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A Perspective on Schizophrenia

Schizophrenia Risk Factors
Schizophrenia Risk Factors
Schizophrenia Risk Factors

A Perspective on Schizophrenia

I have a fascination in schizophrenia.  I work with people who have been diagnosed with schizophrenia and I see their struggles and difficulties.  This paper is an attempt to create a more cohesive framework in my understandings of the illness; my interactions with those I know and work with who deal with schizophrenia; and my practice as a clinician in helping those of my clients who suffer from it.  Because schizophrenia has a range of possible causes or contributing factors, as well as an historical context in terms of its diagnosis, I believe it is important to discuss some of the issues of diagnosis in an historical as well as a current day context; to consider aspects of epidemiology, aetiology and causal correlates in the onset of schizophrenia; and to discuss the long term prognosis of most of those who experience schizophrenia in their lives.  The opening section of this paper will deal with these aspects and be followed by a critical discussion of the various approaches involved in the treatment of schizophrenia, including aspects of and issues associated with evidence based treatment practices. 

 

1.  Diagnostic description, aetiology and prognosis of schizophrenia

Schizophrenia plays no favourites.  It is found in all cultures, all classes and all races.  It affects approximately one per cent of the world population.  It is a serious mental illness presenting with a range of symptoms and numerous levels of severity (Jones, Hacker, Cormac, Meaden, & Irving, 2012). 

Whilst its onset has been diagnosed across all age groups, early onset schizophrenia (or childhood onset before age 12) is considered extremely rare and a cause at times for diagnostic debate (Hollis & Rapoport, 2011).  Reviews of the literature would indicate onset as peaking over two separated “normal distributions, one with a mean and standard deviation at 19.91+/-3.56 years, and another with a mean and standard deviation at 33.48+/-8.2 years” (Jablensky, Kirkbride, & Jones, 2011, p. 199).  Generally speaking the onsets in men is greatest during the 20-24 year old period.  With women there is a lesser onset peak at this period but they experience a further moderate increase in ages over 35 years (Jablensky, Kirkbride, & Jones, 2011). 

 

1.1  Brief historical overview of the development of schizophrenia as a diagnosis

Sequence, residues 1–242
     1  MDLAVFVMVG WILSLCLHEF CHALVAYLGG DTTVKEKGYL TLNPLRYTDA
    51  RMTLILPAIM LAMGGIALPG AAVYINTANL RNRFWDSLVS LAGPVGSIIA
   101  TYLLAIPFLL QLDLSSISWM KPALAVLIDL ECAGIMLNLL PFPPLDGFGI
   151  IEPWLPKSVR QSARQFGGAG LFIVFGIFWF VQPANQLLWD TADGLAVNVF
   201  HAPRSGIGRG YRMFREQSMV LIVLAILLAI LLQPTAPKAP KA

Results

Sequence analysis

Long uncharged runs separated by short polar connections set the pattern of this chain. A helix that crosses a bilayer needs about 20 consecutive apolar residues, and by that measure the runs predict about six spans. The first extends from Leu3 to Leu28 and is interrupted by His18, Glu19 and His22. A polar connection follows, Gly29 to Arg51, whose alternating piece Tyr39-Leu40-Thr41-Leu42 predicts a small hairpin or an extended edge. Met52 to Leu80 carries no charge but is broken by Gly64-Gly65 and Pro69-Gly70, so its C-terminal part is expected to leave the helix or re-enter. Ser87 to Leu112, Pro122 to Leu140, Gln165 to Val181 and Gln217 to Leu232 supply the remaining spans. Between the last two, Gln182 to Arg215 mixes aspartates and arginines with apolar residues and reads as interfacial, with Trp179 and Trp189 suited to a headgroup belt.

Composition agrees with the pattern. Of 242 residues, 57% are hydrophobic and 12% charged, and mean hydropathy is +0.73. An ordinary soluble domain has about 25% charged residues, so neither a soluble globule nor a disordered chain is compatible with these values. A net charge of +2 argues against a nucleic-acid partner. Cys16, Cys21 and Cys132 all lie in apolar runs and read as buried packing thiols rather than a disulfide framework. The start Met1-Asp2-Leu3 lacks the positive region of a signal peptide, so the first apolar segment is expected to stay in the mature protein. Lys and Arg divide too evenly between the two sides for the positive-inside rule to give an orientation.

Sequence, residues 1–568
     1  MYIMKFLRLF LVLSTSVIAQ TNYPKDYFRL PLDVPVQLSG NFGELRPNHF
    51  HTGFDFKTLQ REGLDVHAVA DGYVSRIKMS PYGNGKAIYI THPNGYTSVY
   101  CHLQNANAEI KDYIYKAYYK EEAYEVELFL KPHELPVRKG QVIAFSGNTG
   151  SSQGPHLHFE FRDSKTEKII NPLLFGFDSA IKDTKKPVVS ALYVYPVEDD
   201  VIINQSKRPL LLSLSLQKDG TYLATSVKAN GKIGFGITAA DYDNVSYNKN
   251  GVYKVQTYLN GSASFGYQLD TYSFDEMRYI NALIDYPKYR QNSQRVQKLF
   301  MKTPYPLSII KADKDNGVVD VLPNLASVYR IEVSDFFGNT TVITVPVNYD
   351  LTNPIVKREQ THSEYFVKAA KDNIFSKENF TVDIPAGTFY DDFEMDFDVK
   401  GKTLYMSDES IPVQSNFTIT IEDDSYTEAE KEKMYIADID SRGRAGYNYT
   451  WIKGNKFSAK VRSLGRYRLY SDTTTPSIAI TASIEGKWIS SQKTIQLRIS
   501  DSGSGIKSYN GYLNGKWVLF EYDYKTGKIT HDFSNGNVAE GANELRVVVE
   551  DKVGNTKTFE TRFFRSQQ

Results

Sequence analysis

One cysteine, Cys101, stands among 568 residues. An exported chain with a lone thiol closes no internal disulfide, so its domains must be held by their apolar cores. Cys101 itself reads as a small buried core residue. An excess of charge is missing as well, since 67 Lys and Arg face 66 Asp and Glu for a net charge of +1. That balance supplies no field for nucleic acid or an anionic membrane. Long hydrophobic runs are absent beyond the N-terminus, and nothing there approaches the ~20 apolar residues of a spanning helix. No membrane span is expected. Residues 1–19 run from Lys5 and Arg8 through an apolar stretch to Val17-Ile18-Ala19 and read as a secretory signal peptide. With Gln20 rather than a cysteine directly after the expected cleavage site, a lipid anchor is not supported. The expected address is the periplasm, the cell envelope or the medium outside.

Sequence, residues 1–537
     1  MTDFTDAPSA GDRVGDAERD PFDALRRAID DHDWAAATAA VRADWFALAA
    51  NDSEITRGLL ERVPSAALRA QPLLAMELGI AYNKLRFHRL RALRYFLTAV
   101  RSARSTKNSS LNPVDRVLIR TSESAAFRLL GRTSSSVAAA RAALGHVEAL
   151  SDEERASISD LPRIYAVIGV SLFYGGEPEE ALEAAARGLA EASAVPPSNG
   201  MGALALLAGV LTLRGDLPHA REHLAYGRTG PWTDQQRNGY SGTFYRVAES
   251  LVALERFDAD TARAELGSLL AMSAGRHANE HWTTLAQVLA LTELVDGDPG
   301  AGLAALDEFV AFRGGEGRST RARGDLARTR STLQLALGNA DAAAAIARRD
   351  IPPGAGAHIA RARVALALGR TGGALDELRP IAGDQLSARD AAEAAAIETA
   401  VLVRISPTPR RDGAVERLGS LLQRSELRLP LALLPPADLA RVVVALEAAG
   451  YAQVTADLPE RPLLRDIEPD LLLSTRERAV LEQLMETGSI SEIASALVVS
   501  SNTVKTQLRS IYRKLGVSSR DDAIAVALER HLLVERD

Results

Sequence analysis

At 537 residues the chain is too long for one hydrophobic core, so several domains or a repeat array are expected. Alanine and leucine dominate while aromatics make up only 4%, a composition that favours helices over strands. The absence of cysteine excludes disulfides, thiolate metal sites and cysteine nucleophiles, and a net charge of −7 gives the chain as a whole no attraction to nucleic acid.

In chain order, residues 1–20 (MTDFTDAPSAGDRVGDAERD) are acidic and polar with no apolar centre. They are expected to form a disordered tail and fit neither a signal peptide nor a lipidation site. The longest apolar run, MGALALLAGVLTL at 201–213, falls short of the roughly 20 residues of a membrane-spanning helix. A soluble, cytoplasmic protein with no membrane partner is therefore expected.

Schizophrenia has not always been known as “schizophrenia”.  Whilst “drawings in Sanskrit on cave walls suggest psychotic behaviors may date to 4,000 years ago” (Lake, 2012, p. 33); and whilst Hippocrates referred to “melancholia”, which was thought to be a consequence of an imbalance of the four humours (Miller, 2008) (see Figure 1), the use of the term “schizophrenia” as a definition of the illness we now know as such, was not used until 1911 when it was first introduced by Swiss psychiatrist, Eugene Bleuler (Miller, 2008).  Bleuler had coined the term in an effort to address and redefine earlier attempts to find a diagnostic terminology for the condition. 

 

Figure 1 - The four humors of Hippocrates

 

For some time many of what are currently considered the recognizable symptoms and subtypes of schizophrenia were variously seen as aspects of dementia, manic-depressive disorder, neurosis and psychosis.  Prior to Bleuler, in 1852, Bénédict Morel (1809-1873) had used the term “Démence Précoce” (premature dementia) to describe some of his younger patients with dementia like psychosis (Miller, 2008).  In addition, other subtypes of today’s schizophrenia were recognized and termed as the unique conditions – “hebephrenia” (disorganized schizophrenia) and “catatonia” (stupor and neurogenic lack of movement) by Ewald Hecker (1843-1909) and Karl Kahlbaum (1828-1899), respectively (Miller, 2008). 

Emil Kraepelin (1856-1926) used the latin form “dementia praecox” when he applied it to the understanding of a condition which sought to synthesize and unify the varying presentations of démence précoce; hebephrenia; and catatonia.  To this “umbrella” term for these three presentations, Eugene Bleuler, had also added a fourth subtype known as “simple schizophrenia” (Miller, 2008). 

It is to be noted that in the process of seeking a clear and specific definition and terminology for what we now refer to as schizophrenia a dichotomy arose between dementia praecox and manic-depressive illnesses.  Toward the end of his career, Kraepelin came to the conclusion that the dichotomy between the two, in terms of symptoms was not as great as he had initially proposed (Miller, 2008).  This still gives rise to some controversy concerning the diagnosis of schizophrenia as a separate and unique condition (Lake, 2012; Miller, 2008) and is worth keeping in mind when considering the overlaps and shifting nature of comorbid symptoms in presentation that may occur in clients. 

 

1.2  Schizophrenia in DSM-V